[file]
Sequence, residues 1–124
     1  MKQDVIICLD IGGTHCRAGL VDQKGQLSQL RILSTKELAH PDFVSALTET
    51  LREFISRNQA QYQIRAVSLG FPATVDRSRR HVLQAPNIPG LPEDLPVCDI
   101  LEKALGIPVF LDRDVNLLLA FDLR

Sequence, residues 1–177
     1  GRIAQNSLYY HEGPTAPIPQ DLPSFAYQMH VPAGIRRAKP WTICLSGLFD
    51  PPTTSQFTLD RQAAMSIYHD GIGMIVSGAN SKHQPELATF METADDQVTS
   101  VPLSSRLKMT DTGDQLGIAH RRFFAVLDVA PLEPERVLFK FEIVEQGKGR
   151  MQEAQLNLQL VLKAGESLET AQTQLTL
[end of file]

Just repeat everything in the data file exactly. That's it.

Sequence, residues 1–124
     1  MKQDVIICLD IGGTHCRAGL VDQKGQLSQL RILSTKELAH PDFVSALTET
    51  LREFISRNQA QYQIRAVSLG FPATVDRSRR HVLQAPNIPG LPEDLPVCDI
   101  LEKALGIPVF LDRDVNLLLA FDLR

Sequence, residues 1–177
     1  GRIAQNSLYY HEGPTAPIPQ DLPSFAYQMH VPAGIRRAKP WTICLSGLFD
    51  PPTTSQFTLD RQAAMSIYHD GIGMIVSGAN SKHQPELATF METADDQVTS
   101  VPLSSRLKMT DTGDQLGIAH RRFFAVLDVA PLEPERVLFK FEIVEQGKGR
   151  MQEAQLNLQL VLKAGESLET AQTQLTL